Transportation Worker ID program criticized again at House hearing

Updated Jun 25, 2013

The Transportation Security Administration expressed confidence in the Transportation Worker Identification Credential at a June 18 House hearing, despite repeated criticism at that hearing and other congressional hearings on the program.

Rep. Candice Miller, chairman of the Border and Maritime Security subcommittee, described TWIC as “no more than an expensive flash pass and is not being used as originally designed.”

The Michigan Republican quoted a recent Government Accountability Office report at the June 18 hearing, where the GAO reiterated much of the same report it made at a May 9 congressional hearing.  “Eleven years after initiation, DHS has not demonstrated how, if at all, TWIC will improve maritime security,” she said.

Truckers account for a hefty percentage of the 2.5 million cardholders. The TSA is responsible for enrollment, security threat assessment, systems operations and maintenance. The Coast Guard establishes and enforces access control standards and is leading efforts to develop a TWIC cards reader rule.

That rule is to define if and under what circumstances facility and vessel owners and operators are to use readers to verify that a card is valid. The comment period for the Notice of Proposed Rulemaking on the matter ended June. 20.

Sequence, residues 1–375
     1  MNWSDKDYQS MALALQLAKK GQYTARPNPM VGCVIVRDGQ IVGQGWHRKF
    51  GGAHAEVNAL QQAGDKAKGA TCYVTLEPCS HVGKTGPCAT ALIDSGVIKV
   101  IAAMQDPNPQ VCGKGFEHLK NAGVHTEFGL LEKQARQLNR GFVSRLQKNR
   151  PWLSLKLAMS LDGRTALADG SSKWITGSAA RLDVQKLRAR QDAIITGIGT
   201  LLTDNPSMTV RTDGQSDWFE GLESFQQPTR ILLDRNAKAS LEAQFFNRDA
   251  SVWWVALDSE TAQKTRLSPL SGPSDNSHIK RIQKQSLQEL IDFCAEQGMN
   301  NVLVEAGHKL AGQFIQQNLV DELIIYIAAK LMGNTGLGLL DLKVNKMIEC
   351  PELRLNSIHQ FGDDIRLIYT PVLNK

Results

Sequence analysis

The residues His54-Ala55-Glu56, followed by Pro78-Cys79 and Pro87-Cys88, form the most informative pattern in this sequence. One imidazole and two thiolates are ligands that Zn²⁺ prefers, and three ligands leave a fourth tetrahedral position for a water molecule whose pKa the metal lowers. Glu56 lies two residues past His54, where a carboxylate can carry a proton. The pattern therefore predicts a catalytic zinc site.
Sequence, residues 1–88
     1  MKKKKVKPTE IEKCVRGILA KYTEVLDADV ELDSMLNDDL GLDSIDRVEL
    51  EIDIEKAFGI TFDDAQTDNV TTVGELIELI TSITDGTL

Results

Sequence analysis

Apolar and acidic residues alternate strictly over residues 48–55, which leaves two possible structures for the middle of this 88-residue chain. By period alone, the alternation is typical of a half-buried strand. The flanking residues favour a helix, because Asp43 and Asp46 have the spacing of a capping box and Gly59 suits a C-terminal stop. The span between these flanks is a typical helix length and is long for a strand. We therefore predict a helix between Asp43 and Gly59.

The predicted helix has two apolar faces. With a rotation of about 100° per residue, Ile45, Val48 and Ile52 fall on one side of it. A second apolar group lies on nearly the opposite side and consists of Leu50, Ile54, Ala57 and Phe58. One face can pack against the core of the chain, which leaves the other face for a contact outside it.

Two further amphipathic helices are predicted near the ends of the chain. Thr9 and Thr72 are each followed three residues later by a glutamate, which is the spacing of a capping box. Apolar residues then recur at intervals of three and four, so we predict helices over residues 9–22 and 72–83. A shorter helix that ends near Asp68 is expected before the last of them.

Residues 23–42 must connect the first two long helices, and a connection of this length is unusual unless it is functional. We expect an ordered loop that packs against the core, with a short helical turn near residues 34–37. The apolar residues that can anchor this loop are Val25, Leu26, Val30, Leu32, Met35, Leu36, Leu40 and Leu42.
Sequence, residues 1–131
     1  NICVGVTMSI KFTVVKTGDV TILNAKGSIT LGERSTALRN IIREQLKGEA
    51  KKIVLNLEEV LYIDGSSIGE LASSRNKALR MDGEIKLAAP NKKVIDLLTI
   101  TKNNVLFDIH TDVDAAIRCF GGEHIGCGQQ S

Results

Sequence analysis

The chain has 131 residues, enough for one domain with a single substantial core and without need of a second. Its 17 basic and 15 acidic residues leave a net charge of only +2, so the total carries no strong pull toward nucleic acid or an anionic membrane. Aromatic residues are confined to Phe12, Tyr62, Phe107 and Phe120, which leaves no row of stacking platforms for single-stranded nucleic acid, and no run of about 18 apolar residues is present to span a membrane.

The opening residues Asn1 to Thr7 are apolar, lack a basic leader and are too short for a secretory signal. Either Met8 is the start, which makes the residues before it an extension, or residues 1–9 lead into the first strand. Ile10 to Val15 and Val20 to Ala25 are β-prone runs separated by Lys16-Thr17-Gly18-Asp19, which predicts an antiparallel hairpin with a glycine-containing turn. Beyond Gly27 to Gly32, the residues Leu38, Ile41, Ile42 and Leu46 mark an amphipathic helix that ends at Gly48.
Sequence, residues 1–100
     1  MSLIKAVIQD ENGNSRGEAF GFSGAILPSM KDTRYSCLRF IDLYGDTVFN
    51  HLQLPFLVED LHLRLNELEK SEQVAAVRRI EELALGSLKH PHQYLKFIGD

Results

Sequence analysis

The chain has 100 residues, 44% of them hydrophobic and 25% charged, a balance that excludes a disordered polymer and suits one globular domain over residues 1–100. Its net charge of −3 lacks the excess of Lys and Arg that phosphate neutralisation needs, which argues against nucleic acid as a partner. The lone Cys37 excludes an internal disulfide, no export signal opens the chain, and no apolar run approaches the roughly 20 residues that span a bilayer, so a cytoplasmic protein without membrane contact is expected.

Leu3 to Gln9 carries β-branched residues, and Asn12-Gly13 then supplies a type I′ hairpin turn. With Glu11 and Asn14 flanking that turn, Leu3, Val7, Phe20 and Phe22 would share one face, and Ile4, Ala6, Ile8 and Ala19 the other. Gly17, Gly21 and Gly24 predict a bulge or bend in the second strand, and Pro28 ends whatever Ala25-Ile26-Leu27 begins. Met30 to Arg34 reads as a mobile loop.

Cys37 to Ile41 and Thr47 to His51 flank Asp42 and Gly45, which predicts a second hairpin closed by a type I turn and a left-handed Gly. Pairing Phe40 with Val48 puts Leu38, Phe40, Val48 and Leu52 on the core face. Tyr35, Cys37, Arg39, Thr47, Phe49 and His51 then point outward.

At the hearing, Government Accountability Office’s Steve Lord presented the GAO report titled, “TWIC Reader Pilot Results Are Not Sufficiently Complete, Accurate, and Reliable for Informing Congress and the TWIC Card Reader Rule.”

That GAO recommended Congress consider repealing its mandate that the TSA’s parent agency, the Department of Homeland Security, issue final regulations requiring the deployment of card readers consistent with the pilot program’s findings. Also, Congress should consider demanding the DHS assess and evaluate the effectiveness of using TWIC with readers for enhancing port security.

These recommendations “would be consistent with the recommendation that we made in our May 2011 report,” Lord said.  These then could then be used to promulgate a final regulation, he added.

The TSA’s Stephen Sadler acknowledged the GAO recommended against using the pilot program as basis for a final TWIC regulation. Still, the pilot provided valuable information to the agency, Sadler stated.

Rep. Colleen Hanabusa asked the Coast Guard to postpone the rulemaking until the card readers are thoroughly reviewed and tested.” Replacing trained security guards with card readers that have not been properly evaluated does not improve port safety,” the Hawaii Democrat stated.